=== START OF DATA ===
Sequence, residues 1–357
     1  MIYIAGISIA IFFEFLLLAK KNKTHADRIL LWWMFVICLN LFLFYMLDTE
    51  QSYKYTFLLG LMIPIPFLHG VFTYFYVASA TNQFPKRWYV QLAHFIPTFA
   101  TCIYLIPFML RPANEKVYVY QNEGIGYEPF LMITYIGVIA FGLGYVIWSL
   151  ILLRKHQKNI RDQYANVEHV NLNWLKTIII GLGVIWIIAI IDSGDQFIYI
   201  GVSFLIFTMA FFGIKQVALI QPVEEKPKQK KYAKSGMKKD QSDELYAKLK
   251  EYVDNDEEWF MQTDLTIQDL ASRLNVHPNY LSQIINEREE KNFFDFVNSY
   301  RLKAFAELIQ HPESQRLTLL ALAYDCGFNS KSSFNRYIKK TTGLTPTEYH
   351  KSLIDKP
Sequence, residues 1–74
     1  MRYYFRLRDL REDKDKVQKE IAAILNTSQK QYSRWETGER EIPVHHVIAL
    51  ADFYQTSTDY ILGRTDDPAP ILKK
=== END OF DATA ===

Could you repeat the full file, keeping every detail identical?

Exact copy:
Sequence, residues 1–357
     1  MIYIAGISIA IFFEFLLLAK KNKTHADRIL LWWMFVICLN LFLFYMLDTE
    51  QSYKYTFLLG LMIPIPFLHG VFTYFYVASA TNQFPKRWYV QLAHFIPTFA
   101  TCIYLIPFML RPANEKVYVY QNEGIGYEPF LMITYIGVIA FGLGYVIWSL
   151  ILLRKHQKNI RDQYANVEHV NLNWLKTIII GLGVIWIIAI IDSGDQFIYI
   201  GVSFLIFTMA FFGIKQVALI QPVEEKPKQK KYAKSGMKKD QSDELYAKLK
   251  EYVDNDEEWF MQTDLTIQDL ASRLNVHPNY LSQIINEREE KNFFDFVNSY
   301  RLKAFAELIQ HPESQRLTLL ALAYDCGFNS KSSFNRYIKK TTGLTPTEYH
   351  KSLIDKP
Sequence, residues 1–74
     1  MRYYFRLRDL REDKDKVQKE IAAILNTSQK QYSRWETGER EIPVHHVIAL
    51  ADFYQTSTDY ILGRTDDPAP ILKK